The Paradox of Character

Posted by: Tom Pappas
Category: Great and Good Leadership

The two core character traits that determines how we influence others

What you do speaks so loud that I cannot hear what you say. ~ Ralph Waldo Emerson

What is Character?

In order to be a leader you’ve got to have followers. So leadership begins by influencing other people – your followers.

There are many ways to influence people. You can guide, direct, prioritize, incentivize and order someone around.  But I’ve learned through my experience that most effective and authentic way to influence others is through your example, through who you are.  In other words, your character.

Former Marine officer Donavan Campbell, and author of the Leaders Code, defines character as “an honorable individual condition gained through the intentional pursuit of virtue and maintained over the course of a lifetime.”

Alexandre Havard, the author of Virtuous Leadership, asks “what is the ‘content of character?’ It is virtue, or, more precisely the set of classical human virtues – above all, magnanimity, humility, prudence, courage, self-control and justice.”

The reference to ‘classical’ human virtues is important because the appreciation of character is not a new phenomenon. Philosophers, sages and warriors from all cultures and religious traditions have written about the importance of virtue. The Greek philosophers wrote about the ‘cardinal’ virtues. These four ‘hinge’ virtues were considered the foundation of a good life: courage, practical wisdom, justice and self control.

Both ancient wisdom and modern social science agree on the importance of virtue. Martin Seligman is considered the founder of the Positive Psychology movement. In his book Authentic Happiness  he wrote that there were consistent virtues among diverse cultures throughout history.  Seligman wrote about the “…astonishing convergence across millennia and across cultures about virtue and strength. Confucius, Aristotle, Aquinas, the Bushido samurai code, the Bhagavad-Gita, and other venerable tradition disagree on details, but all these codes include six core virtues:”

  • Wisdom and knowledge
  • Courage
  • Love and humanity
  • Justice
  • Temperance
  • Spirituality and transcendence

Strength + Warmth – “the divine gift” of charisma

Is it possible that the 6 universal virtues that Martin Seligman writes about above can be summarized into two core character traits? That’s what the authors of Compelling People, The Hidden Qualities That Make Us Influential by John Neffinger and Matthew Kohut argue.

Neffinger and Kohut explain that Courage, Temperance, Wisdom, Justice, Humanity and Transcendence reflect strength and warmth. Why is this important?  The authors posit that these two virtues – strength and warmth – explain how character judgment works: what happens when you get sized up and when you size up others.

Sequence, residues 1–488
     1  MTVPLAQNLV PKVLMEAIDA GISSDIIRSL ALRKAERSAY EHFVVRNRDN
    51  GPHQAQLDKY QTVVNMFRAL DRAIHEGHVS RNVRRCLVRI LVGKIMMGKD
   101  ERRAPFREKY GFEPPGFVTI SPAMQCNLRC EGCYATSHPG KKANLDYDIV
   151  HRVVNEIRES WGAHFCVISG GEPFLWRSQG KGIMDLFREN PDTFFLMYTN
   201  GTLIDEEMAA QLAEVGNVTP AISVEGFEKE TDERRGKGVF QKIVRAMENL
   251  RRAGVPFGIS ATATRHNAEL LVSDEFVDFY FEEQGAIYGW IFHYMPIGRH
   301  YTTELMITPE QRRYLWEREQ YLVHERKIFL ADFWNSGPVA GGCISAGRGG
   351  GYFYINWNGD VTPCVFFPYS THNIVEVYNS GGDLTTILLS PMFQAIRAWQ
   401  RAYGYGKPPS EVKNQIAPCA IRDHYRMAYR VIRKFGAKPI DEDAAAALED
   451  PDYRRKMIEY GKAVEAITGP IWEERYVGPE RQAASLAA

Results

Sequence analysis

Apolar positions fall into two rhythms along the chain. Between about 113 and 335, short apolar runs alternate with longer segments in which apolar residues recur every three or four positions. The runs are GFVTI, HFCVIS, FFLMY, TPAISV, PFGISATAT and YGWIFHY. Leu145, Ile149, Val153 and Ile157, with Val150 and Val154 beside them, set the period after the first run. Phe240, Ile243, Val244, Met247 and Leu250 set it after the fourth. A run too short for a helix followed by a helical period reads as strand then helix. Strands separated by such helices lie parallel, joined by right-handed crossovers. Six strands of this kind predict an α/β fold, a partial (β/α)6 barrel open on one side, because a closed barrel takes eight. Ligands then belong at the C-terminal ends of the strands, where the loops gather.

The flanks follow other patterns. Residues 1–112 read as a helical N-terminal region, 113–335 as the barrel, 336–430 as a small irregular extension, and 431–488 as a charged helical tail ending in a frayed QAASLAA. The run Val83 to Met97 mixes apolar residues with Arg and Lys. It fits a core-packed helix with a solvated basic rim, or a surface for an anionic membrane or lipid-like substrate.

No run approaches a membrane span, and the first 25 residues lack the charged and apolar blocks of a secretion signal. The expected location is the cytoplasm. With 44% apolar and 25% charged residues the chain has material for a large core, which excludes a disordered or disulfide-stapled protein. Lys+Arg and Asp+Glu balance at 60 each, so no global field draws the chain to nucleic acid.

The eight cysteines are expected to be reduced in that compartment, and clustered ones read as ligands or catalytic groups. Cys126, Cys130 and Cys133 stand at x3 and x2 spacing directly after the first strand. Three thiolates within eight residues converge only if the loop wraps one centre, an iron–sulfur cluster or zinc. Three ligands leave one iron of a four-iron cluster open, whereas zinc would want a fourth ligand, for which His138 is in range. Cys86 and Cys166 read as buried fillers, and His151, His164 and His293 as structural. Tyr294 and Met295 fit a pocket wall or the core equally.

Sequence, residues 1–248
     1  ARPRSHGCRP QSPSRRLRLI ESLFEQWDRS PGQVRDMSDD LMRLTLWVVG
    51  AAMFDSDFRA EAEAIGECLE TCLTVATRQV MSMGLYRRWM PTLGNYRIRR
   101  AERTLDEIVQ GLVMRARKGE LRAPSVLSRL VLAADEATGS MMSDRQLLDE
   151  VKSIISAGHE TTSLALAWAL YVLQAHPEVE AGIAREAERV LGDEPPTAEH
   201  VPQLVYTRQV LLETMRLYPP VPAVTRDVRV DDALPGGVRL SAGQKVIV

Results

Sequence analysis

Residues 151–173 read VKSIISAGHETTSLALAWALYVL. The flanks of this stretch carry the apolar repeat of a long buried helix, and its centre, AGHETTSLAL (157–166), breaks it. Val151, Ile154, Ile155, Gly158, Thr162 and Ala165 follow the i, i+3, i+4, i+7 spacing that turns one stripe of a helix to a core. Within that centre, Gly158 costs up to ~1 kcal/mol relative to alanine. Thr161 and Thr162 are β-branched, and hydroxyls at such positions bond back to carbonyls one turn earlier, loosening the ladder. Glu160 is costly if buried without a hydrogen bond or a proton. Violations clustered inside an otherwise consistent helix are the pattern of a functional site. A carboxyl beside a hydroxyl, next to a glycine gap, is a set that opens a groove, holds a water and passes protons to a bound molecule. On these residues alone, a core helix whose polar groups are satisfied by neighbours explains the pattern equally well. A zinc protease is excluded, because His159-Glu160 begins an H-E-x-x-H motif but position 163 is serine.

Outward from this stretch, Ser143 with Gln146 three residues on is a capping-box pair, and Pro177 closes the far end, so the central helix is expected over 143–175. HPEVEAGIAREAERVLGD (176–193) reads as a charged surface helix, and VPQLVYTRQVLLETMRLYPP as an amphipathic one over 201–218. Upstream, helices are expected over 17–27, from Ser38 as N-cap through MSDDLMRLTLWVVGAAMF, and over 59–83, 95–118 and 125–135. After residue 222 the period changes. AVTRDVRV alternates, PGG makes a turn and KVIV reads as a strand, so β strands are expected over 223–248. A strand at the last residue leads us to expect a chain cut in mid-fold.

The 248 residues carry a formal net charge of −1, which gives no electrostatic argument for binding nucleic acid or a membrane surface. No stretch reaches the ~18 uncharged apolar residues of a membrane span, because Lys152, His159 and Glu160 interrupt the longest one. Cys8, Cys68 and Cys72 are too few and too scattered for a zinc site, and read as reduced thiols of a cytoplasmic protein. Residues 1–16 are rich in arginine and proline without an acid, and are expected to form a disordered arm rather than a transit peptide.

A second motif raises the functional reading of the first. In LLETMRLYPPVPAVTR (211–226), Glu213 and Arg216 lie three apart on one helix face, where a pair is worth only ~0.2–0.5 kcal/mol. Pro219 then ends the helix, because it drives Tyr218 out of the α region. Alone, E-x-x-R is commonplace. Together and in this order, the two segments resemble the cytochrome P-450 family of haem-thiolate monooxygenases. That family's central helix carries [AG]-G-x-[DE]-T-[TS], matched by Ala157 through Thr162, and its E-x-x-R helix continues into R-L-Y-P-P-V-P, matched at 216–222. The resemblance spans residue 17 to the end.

As leaders this is crucial in understanding how we influence others and how our followers size us up. Neffinger and Kohut continue by saying:

“It turns out when we decide how we feel about someone, we are making not one judgement, but two. The criteria that counts are what we call “strength’ and “warmth.” Strength is a person’s capacity to make things happen with abilities and force of will. When people project strength, they command our respect. Warmth is the sense that a person shares our feeling, interests, and view of the world. When people project warmth, we like and support them.”

The authors explain that strength and warmth are the man criteria in our social judgements.  Neffinger and Kohut write how exhibiting these two virtues creates trust, “People who project both strength and warmth impress us as knowing what they are doing having our best interests at heart, so we trust them and find them persuasive.”

There is an inherent tension between these two character traits.  As effective leaders, we need to bridge the gap and master this paradox. Neffinger and Kohut remind us that this is no easy task: “The ability to master this tension, to project both strength and warmth at once, is rare – so rare, in fact, that we celebrate, elevate, and envy those people who manage it.” “The ancient Greeks called it “the divine gift,” from which we get the word “charisma.”

Some of the greatest leaders of history understood this challenge. Here is Martin Luther King’s observations on the challenge of embodying both love (warmth) and power (strength):

“One of the great problems of history is that the concepts of love and power have usually been contrasted as opposites…What is needed is a realization that power without love is reckless and abusive, and that love without power is sentimental and anemic.”

We see a similar lesson in managing this paradox from the life of one of antiquities’ paragon of virtue: the ancient Greek general and statesman Epaminondas.

The famous 17th century French mathematician and philosopher Blaise Pascal wrote glowingly about the paradoxical nature of virtue expressed by Epaminondas:

“I do not admire a virtue like valor when it is pushed to excess, if I do not see at the same time the excess of the opposite virtue, as one does in Epaminondas, who displayed extreme valor and extreme benevolence. For otherwise it is not an ascent, but a fall. We do not display our greatness by placing ourselves at one extremity, but rather by being at both at the same time and filling up the whole of the space between them.”

Ultimately, the authors Neffinger and Kohut explain, leaders successfully embracing this tension become worthy of “genuine admiration:”

“The most admired leaders are the one who project consistently high levels of strength and warmth and have the contextual intelligence to know how to use it. We remember them long after they exit the stage.”

Author: Tom Pappas

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